Rowan Schindler

A fresh look at our region's past

THERE are gold mines, slab huts and not a computer in sight at the historical heart of a town that has been welcoming visitors for longer than Gympie has existed.

Kilkivan's museum complex is a fresh celebration of everything old in the area's background.

The Rise and Shine Cottage, for example, is named after the gold mine on Kilkivan's eastern outskirts, where wealth was mined before Gympie was even a glint in James Nash's pan.

Proud community volunteer Dawn Choate says it's not just a museum, it's a walk-around historical neighbourhood of restored buildings, artefacts and sometimes priceless collections ranging from antique machinery to ancient crystals and gems, including the incredible collection of Paul Stumm, who gathered rocks from around the world.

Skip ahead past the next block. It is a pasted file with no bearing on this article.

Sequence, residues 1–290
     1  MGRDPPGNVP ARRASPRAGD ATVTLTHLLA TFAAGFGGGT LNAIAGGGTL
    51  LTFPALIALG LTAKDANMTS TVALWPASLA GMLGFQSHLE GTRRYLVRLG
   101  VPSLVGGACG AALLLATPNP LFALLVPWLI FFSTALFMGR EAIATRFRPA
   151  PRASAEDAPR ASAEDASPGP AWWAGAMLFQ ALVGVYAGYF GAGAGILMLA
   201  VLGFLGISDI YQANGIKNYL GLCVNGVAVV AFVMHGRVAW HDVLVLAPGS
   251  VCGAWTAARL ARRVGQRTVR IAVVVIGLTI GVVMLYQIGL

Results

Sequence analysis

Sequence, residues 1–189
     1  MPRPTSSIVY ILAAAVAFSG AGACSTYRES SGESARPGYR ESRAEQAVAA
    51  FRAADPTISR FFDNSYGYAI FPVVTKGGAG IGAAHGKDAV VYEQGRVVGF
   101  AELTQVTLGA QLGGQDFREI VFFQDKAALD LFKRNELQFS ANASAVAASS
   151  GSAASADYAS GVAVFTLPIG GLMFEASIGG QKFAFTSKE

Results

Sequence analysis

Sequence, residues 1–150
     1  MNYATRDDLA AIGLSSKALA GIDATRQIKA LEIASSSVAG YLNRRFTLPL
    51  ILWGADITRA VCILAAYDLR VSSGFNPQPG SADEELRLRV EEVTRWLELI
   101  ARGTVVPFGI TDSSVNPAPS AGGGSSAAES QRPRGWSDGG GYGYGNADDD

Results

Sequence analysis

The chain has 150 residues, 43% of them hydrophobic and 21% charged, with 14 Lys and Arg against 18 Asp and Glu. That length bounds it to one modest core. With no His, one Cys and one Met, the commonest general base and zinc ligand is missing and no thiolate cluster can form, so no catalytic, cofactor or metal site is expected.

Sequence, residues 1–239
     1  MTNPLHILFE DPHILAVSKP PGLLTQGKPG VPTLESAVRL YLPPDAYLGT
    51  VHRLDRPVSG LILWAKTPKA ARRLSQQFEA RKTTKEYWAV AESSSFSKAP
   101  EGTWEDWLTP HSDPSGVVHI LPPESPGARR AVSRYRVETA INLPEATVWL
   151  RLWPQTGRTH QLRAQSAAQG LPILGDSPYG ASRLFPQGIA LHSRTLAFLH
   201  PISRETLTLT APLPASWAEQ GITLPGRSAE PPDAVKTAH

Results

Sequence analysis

There is the cream shed from Cinnabar, from which cream was taken to Murgon, before Mrs Choate's father started a motor vehicle link to Gympie in 1936.

There is a sawmill and a school and the bakery which would welcome a weary traveller.

Today's travellers, weary or not, can refresh themselves with Kilkivan's own café society venue, just a few doors along, The Bank Espresso Bar and Café, operated by Jackie Richards (who worked there when it was called The Left Bank and who now owns the business).

Gympie Times


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